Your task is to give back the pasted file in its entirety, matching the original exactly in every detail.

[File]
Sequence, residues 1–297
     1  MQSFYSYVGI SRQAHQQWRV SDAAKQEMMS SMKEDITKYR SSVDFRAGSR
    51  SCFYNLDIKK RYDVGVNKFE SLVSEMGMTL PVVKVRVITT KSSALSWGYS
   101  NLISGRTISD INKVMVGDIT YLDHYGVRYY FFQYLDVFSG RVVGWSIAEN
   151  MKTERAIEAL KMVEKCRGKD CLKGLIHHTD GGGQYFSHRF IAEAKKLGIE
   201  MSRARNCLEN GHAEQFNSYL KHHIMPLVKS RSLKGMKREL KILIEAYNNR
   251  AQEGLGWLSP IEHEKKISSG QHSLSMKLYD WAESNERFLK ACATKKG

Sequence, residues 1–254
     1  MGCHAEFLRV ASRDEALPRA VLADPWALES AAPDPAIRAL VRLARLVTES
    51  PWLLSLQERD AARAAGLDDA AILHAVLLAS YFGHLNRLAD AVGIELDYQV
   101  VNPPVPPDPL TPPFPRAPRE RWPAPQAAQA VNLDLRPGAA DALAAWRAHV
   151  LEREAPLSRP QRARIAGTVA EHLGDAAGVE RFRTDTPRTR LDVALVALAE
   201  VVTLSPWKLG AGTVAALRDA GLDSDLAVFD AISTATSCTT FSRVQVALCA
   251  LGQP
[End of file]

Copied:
Sequence, residues 1–297
     1  MQSFYSYVGI SRQAHQQWRV SDAAKQEMMS SMKEDITKYR SSVDFRAGSR
    51  SCFYNLDIKK RYDVGVNKFE SLVSEMGMTL PVVKVRVITT KSSALSWGYS
   101  NLISGRTISD INKVMVGDIT YLDHYGVRYY FFQYLDVFSG RVVGWSIAEN
   151  MKTERAIEAL KMVEKCRGKD CLKGLIHHTD GGGQYFSHRF IAEAKKLGIE
   201  MSRARNCLEN GHAEQFNSYL KHHIMPLVKS RSLKGMKREL KILIEAYNNR
   251  AQEGLGWLSP IEHEKKISSG QHSLSMKLYD WAESNERFLK ACATKKG

Sequence, residues 1–254
     1  MGCHAEFLRV ASRDEALPRA VLADPWALES AAPDPAIRAL VRLARLVTES
    51  PWLLSLQERD AARAAGLDDA AILHAVLLAS YFGHLNRLAD AVGIELDYQV
   101  VNPPVPPDPL TPPFPRAPRE RWPAPQAAQA VNLDLRPGAA DALAAWRAHV
   151  LEREAPLSRP QRARIAGTVA EHLGDAAGVE RFRTDTPRTR LDVALVALAE
   201  VVTLSPWKLG AGTVAALRDA GLDSDLAVFD AISTATSCTT FSRVQVALCA
   251  LGQP